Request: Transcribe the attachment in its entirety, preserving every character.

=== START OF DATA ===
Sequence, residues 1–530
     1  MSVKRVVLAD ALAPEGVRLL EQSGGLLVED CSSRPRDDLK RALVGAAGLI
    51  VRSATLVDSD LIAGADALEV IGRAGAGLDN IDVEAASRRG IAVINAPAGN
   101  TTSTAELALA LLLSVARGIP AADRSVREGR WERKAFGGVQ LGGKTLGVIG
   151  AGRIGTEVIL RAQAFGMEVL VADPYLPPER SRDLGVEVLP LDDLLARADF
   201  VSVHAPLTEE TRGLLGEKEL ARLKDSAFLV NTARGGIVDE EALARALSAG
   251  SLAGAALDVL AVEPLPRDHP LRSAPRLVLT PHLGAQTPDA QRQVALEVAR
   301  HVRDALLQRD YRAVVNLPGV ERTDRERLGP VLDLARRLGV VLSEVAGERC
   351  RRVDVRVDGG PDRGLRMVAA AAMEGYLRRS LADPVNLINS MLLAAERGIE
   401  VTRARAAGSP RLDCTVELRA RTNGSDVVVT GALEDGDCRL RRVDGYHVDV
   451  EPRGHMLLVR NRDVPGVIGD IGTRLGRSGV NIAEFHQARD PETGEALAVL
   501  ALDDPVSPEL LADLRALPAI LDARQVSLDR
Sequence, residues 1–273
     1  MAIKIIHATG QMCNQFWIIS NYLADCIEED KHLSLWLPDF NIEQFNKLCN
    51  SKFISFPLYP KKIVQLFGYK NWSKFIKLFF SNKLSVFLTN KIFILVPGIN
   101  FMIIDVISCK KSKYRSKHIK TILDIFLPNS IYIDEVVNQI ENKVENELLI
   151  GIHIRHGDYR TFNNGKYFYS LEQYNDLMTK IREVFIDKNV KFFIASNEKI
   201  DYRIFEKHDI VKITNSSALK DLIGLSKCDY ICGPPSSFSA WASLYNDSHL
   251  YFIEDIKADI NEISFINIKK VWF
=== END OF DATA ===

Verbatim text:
Sequence, residues 1–530
     1  MSVKRVVLAD ALAPEGVRLL EQSGGLLVED CSSRPRDDLK RALVGAAGLI
    51  VRSATLVDSD LIAGADALEV IGRAGAGLDN IDVEAASRRG IAVINAPAGN
   101  TTSTAELALA LLLSVARGIP AADRSVREGR WERKAFGGVQ LGGKTLGVIG
   151  AGRIGTEVIL RAQAFGMEVL VADPYLPPER SRDLGVEVLP LDDLLARADF
   201  VSVHAPLTEE TRGLLGEKEL ARLKDSAFLV NTARGGIVDE EALARALSAG
   251  SLAGAALDVL AVEPLPRDHP LRSAPRLVLT PHLGAQTPDA QRQVALEVAR
   301  HVRDALLQRD YRAVVNLPGV ERTDRERLGP VLDLARRLGV VLSEVAGERC
   351  RRVDVRVDGG PDRGLRMVAA AAMEGYLRRS LADPVNLINS MLLAAERGIE
   401  VTRARAAGSP RLDCTVELRA RTNGSDVVVT GALEDGDCRL RRVDGYHVDV
   451  EPRGHMLLVR NRDVPGVIGD IGTRLGRSGV NIAEFHQARD PETGEALAVL
   501  ALDDPVSPEL LADLRALPAI LDARQVSLDR
Sequence, residues 1–273
     1  MAIKIIHATG QMCNQFWIIS NYLADCIEED KHLSLWLPDF NIEQFNKLCN
    51  SKFISFPLYP KKIVQLFGYK NWSKFIKLFF SNKLSVFLTN KIFILVPGIN
   101  FMIIDVISCK KSKYRSKHIK TILDIFLPNS IYIDEVVNQI ENKVENELLI
   151  GIHIRHGDYR TFNNGKYFYS LEQYNDLMTK IREVFIDKNV KFFIASNEKI
   201  DYRIFEKHDI VKITNSSALK DLIGLSKCDY ICGPPSSFSA WASLYNDSHL
   251  YFIEDIKADI NEISFINIKK VWF